Chief Justice Roberts must face, and fix, public mistrust of Supreme Court

Rather than ask why many Americans now hold a dim view of the Supreme Court, Roberts has closed his ears and downplayed the public’s very valid concerns.

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U.S. Supreme Court Chief Justice John Roberts.

U.S. Supreme Court Chief Justice John Roberts doesn’t get the public’s distrust of the Court — but he needs to fix it, the Editorial Board writes.

J. Scott Applewhite/AP

U.S. Supreme Court Chief Justice John Roberts understands much of the public is losing — or has already lost — trust in the nation’s highest court.

But rather than look inward and try to understand why so many Americans now hold such a dim view of the Supreme Court, Roberts has instead decided to close his ears to the criticism and downplay the public’s very valid concerns.

The distrust won’t just disappear. Indeed, it’s likely to grow now that Sen. Lindsey Graham, R-S.C., has introduced legislation to institute a federal ban on abortion after 15 weeks — a proposal clearly set in motion when the court threw reproductive rights out the window in June by overturning Roe v. Wade.

“The court has always decided controversial cases and decisions always have been subject to intense criticism and that is entirely appropriate,” Roberts told a group of judges and lawyers in Colorado Springs, Colorado, last Friday.

Editorial

Editorial

He said the Supreme Court’s role is to decide law, but added “that role doesn’t change simply because people disagree with this opinion or that opinion or with a particular mode of jurisprudence.”

Roberts makes it all sound like a normal ideological spat between the court and its ever-present critics, when in reality it’s far more serious.

How did we get here?

Roberts’ remarks to the judicial conference, hosted by Denver’s 10th Circuit Court of Appeals, marked his first public appearance since the court overturned Roe.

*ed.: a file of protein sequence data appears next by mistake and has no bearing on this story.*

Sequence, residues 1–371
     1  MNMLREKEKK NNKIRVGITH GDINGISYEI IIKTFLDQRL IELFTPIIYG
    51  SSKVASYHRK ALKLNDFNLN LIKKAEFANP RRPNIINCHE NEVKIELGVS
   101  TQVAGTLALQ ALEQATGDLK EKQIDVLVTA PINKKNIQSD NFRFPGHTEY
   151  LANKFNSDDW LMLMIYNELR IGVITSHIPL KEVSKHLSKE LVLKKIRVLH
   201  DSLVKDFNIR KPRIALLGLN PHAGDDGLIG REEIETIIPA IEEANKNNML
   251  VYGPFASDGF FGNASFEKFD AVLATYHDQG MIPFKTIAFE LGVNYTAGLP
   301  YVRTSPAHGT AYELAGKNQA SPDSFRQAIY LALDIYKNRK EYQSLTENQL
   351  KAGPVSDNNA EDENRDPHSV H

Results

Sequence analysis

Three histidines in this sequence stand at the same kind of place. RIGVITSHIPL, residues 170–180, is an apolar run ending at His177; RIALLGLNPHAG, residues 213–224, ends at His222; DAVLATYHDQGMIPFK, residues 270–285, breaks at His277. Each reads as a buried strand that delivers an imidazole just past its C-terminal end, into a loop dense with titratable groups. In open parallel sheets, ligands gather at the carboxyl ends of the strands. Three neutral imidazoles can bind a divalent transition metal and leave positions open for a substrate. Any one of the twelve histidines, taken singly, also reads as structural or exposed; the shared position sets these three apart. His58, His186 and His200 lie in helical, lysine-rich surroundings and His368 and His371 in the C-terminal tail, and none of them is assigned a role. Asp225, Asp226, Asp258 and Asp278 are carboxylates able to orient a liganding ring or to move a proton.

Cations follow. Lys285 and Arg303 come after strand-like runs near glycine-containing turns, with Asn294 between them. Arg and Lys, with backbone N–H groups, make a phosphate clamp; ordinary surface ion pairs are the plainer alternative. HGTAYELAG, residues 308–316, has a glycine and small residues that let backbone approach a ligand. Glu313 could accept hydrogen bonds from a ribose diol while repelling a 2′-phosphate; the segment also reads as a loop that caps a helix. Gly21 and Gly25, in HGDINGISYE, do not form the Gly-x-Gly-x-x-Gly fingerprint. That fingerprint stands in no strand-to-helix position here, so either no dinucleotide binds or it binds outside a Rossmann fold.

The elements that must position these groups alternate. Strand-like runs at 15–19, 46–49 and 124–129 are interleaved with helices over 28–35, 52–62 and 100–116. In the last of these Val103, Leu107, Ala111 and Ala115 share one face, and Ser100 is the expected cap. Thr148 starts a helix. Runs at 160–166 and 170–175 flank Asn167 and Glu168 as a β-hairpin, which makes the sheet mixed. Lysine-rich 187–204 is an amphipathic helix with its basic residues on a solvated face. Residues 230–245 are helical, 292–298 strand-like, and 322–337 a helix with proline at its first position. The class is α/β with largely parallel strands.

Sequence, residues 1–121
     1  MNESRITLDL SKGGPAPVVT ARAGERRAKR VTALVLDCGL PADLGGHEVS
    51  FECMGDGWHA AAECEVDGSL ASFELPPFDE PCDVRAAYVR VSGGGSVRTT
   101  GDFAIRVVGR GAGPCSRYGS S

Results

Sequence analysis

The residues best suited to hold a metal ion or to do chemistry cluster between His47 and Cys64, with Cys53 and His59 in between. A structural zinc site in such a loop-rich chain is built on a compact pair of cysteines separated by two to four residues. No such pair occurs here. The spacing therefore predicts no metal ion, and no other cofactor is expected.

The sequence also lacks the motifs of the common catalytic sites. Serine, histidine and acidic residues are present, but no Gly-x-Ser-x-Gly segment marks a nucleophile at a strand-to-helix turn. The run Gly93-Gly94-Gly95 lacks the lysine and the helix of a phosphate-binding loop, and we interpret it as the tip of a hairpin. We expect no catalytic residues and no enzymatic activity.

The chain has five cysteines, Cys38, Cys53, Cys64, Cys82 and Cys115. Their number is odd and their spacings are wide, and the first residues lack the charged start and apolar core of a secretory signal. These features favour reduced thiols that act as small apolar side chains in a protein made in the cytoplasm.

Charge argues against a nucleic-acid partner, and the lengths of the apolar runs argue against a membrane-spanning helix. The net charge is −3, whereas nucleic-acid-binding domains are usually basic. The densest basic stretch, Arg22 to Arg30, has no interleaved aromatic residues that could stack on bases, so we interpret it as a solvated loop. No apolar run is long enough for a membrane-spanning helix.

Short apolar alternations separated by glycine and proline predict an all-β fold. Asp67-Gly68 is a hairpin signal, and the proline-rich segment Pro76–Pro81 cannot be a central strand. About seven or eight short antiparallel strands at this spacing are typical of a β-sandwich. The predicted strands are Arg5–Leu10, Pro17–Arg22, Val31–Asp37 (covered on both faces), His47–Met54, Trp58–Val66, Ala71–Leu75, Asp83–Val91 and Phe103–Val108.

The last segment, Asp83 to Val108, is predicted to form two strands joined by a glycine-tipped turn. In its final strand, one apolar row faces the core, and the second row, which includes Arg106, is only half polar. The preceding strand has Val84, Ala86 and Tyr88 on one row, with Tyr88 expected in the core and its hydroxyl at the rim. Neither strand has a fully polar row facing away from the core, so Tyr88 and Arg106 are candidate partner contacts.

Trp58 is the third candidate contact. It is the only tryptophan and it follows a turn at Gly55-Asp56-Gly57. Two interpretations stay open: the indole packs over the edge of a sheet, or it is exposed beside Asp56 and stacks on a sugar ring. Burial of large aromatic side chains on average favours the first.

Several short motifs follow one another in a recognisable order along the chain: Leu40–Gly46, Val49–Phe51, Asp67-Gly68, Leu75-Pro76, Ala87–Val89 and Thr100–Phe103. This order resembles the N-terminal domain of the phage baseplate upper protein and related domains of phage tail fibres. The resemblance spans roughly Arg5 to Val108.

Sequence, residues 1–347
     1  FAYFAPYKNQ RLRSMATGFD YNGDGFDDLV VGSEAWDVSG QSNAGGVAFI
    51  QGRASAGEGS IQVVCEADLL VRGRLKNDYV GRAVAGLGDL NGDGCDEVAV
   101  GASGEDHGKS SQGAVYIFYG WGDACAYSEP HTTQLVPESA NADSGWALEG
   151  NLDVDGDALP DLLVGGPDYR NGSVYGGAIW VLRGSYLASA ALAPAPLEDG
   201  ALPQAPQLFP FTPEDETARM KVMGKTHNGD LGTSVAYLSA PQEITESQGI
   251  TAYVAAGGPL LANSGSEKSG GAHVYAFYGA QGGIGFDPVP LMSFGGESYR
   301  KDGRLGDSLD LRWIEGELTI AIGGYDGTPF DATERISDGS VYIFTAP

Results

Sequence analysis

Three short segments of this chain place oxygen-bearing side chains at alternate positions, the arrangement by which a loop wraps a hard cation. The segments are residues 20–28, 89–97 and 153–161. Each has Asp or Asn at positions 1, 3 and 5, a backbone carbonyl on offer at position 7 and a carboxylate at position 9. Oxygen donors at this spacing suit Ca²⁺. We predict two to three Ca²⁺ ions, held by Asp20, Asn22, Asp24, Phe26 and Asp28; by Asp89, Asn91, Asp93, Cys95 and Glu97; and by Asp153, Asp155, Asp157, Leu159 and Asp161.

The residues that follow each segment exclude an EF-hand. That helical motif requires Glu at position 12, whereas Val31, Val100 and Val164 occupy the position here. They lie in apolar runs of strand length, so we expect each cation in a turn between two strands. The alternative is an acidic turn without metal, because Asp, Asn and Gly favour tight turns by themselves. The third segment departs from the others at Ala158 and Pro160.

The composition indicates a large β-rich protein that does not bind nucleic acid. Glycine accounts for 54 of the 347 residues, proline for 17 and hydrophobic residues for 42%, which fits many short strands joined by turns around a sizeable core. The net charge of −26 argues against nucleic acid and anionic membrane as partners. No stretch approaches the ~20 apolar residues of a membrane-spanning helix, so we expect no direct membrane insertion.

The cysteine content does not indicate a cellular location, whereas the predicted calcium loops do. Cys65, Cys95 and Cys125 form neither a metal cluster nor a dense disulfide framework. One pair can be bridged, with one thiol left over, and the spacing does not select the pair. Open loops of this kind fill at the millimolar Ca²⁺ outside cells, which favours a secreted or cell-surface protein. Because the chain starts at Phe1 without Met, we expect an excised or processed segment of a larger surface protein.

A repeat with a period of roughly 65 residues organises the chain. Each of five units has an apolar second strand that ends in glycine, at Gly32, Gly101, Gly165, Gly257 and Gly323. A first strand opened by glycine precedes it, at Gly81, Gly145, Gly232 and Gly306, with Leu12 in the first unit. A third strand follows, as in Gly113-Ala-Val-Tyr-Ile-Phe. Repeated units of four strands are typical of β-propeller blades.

“If the court doesn’t retain its legitimate function of interpreting the Constitution, I’m not sure who would take up that mantle,” he said in response to questions asked by two attorneys who interviewed Roberts as part of a self-described fireside chat.

“You don’t want the political branches telling you what the law is, and you don’t want public opinion to be the guide about what the appropriate decision is,” Roberts said.

But if that’s the case, what put us on this path? Where to begin…

Could it be the court’s alarming turn far to the right, orchestrated by politics and starting back in 2016 when Sen. Mitch McConnell, R-Ky., refused for months to hold hearings on Merrick Garland’s nomination to the Court by President Barack Obama?

Then there was the addition of Brett Kavanaugh and Amy Coney Barrett, two relatively inexperienced jurists picked by the disgraced Trump administration?

Then there was the May leak of a draft opinion from the court, pointing a month in advance to the justices’ plans to overturn Roe v. Wade.

Whether a leak or a trial balloon, the unprecedented disclosure gave rise to concerns that hinky things are happening behind the scenes of the Court.

It’s also disconcerting that the Court’s conservative majority is willing to upend the notion of issuing rulings based on “settled law,” as it did with Roe — possibly setting the stage for the justices to re-examine and peel back previous decisions that reinforced rights and established legal protections for millions of Americans.

And it certainly doesn’t foster public trust when the news emerges that Virginia Thomas, the wife of Justice Clarence Thomas, emailed Republican legislators in Wisconsin and Arizona imploring them to overturn Donald Trump’s losses in those states in the November 2020 presidential election.

Joe Biden legitimately won both states, but Virginia Thomas said in emails to GOP state officials, “We’ll be going to the U.S. Supreme Court.”

All that was missing from the message was “wink-wink.” And the public knows it.

Time for some positive action

A national survey this month by the Pew Research Center says only 48% of U.S. adults favorably view the Supreme Court, down from 70% in August 2020.

What’s galling about Roberts’ comments is the shocking, if not willful, disregard of the public’s current, clear mistrust. We also sense a lack of desire — or maybe even ability — on his part to fix the problem.

All of which is especially troubling given the fraught times in which we now live.

The 1950s and 1960s were tumultuous, but the Supreme Court under Chief Justice Earl Warren reshaped elements of American public life for the better.

Among its many landmark decisions, the Warren Court overturned legal segregation in public schools with Brown v. Board of Education and ended legal barriers to interracial marriage with Loving v. Virginia.

The concept of being “mirandized” became a part of the American lexicon with Miranda v. Arizona, requiring that criminal suspects be informed of their right to remain silent and to have an attorney.

John Roberts is no Earl Warren. He reinforces the notion by railing against public mistrust instead of figuring out how he and fellow justices can rebuild it.

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